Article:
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I'm working through Tao's measure theory notes here, and am struggling with the following concept:

Let $m^*(E)$ denote the (lebesgue) outer measure of $E$, and let $\varepsilon > 0$.

We know $m^*(E) = \inf \limits_{E \subseteq U \text{ open}} m^*(U)$. So we can find $U$ open with $m^*(U) - m^*(E) < \varepsilon$.

We also know that $E$ is measurable exactly when some $m^*(U \setminus E) < \varepsilon$ for some $U$ open.


At first glance, this would seem to suggest that every set is measurable - it seems entirely reasonable that we could turn $m^*(U) - m^*(E)$ into $m^*(U \setminus E)$ somehow... Obviously nonmeasurable sets do exists, and so there must be no such manipulation.

My insticts want me to try to break this with a nonmeasurable set, perhaps a Vitali Set $V$, but it isn't clear to me what an open set approximating $V$ (in outer measure, obviously) would look like. This is probably because of the weirdness that happens with the axiom of choice, where my intuition fails.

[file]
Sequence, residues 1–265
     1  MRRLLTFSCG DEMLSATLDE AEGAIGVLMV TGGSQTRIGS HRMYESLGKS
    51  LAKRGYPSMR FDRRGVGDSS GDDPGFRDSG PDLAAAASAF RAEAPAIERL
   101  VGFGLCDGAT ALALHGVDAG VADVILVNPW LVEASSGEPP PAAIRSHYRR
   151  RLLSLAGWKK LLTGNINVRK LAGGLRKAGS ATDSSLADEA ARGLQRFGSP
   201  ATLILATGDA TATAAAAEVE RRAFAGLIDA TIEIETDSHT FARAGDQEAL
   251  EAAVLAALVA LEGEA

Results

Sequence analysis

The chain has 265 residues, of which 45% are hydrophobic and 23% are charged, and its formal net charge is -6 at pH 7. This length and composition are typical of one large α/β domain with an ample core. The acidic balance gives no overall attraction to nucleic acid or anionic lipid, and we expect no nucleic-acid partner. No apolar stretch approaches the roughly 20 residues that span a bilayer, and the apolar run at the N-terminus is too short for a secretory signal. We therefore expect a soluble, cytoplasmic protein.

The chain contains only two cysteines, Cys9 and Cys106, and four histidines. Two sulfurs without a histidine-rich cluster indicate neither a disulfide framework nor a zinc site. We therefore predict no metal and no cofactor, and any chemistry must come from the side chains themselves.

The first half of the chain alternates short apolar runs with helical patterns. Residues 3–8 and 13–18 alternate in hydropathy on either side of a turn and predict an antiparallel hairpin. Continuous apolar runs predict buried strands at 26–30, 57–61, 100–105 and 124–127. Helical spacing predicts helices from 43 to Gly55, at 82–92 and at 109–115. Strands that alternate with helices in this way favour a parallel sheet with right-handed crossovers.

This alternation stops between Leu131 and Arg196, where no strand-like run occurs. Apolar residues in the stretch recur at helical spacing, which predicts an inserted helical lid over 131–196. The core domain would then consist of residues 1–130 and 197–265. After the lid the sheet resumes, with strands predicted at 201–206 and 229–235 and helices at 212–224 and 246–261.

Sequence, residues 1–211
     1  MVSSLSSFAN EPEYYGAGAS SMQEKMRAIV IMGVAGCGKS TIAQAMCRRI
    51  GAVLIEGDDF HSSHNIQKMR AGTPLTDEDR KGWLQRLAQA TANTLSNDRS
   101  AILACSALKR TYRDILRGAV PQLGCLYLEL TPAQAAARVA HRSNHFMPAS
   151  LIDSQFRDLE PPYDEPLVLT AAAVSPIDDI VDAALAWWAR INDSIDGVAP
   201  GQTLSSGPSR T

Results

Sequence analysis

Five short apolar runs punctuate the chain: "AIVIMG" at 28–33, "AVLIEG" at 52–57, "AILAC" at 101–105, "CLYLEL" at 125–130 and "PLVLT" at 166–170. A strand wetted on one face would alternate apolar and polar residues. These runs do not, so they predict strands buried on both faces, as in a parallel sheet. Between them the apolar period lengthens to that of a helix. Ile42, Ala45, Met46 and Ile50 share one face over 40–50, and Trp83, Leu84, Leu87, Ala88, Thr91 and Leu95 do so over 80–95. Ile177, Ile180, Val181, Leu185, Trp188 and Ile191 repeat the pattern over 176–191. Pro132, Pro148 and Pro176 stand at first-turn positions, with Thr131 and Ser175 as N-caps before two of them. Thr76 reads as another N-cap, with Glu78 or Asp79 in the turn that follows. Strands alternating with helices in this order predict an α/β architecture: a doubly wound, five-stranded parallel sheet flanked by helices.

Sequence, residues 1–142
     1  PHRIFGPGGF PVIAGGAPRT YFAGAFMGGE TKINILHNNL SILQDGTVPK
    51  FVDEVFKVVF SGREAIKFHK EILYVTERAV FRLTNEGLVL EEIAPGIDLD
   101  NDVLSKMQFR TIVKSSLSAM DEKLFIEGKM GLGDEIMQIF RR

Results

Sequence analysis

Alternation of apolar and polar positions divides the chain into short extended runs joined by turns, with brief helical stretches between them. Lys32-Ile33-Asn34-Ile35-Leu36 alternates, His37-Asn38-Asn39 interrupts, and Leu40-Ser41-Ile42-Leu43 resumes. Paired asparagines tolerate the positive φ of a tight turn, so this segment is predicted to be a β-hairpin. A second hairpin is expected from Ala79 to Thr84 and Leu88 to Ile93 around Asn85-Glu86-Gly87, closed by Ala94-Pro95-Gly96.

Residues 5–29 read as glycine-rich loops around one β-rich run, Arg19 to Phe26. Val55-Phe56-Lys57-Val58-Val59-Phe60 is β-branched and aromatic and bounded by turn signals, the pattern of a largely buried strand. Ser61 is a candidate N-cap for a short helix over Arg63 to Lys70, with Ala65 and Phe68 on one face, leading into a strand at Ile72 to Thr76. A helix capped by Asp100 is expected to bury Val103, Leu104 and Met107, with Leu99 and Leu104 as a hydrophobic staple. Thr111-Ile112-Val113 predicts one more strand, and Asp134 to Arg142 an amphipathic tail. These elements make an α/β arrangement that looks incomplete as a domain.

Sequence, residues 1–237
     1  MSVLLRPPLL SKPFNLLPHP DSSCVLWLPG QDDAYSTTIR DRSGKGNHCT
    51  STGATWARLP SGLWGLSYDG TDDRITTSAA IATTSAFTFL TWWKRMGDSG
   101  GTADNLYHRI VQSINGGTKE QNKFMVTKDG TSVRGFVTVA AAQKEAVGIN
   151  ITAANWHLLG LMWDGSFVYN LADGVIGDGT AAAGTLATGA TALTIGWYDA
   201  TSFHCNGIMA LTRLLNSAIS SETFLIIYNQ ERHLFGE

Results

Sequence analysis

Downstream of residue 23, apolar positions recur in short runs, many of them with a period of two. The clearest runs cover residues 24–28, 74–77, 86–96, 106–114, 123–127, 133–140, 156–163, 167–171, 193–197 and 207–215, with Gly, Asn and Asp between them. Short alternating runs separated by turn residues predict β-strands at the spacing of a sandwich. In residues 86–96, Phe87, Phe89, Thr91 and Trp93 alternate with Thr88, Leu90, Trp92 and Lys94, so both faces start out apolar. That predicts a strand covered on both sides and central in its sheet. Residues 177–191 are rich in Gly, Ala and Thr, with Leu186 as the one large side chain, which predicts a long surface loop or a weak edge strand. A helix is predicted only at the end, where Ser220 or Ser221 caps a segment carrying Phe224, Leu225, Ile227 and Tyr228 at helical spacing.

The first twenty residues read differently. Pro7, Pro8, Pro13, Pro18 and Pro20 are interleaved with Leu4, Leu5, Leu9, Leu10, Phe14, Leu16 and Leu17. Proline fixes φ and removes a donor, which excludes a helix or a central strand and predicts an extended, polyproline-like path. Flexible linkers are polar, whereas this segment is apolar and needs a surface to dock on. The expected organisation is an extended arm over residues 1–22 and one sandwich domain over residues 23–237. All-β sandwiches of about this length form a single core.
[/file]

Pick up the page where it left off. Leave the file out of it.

The question, then is "why does this fail?" What about nonmeasurable sets prevents this (seemingly obvious) manipulation from going through?

Edit: Somewhat more precisely, what does an open set $U$ with $m^*(U) - m^*(V) < \varepsilon$ look like, and why is $m^*(U \setminus V)$ not small?

Thanks in advance ^_^

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  • $\begingroup$ Your seem to make this mistake of thinking that $m^{*}(U\setminus V)=m^{*}(U)-m^{*}( V)$ which is not true. You cannot make $m^{*}(U\setminus V)$ small using the fact that $m^{*}(U)-m^{*}( V)$ is small. $\endgroup$ Oct 1, 2019 at 5:41
  • $\begingroup$ @KaviRamaMurthy - I state in the question that I know I have this misconception. Indeed my question is "why can we not make $m^*(U \setminus V)$ small". $\endgroup$ Oct 1, 2019 at 6:14

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Another day's worth of thought has led me to answer my own question.

You can build a Vitali set (in $[0,1]$) with full outer measure, whose complement also has full outer measure. That is, the open set approximating $V$ is the entire interval $(0,1)$, but $(0,1) \setminus V$ also has full measure.

This is exactly the unintuitive behavior that I was struggling to understand.

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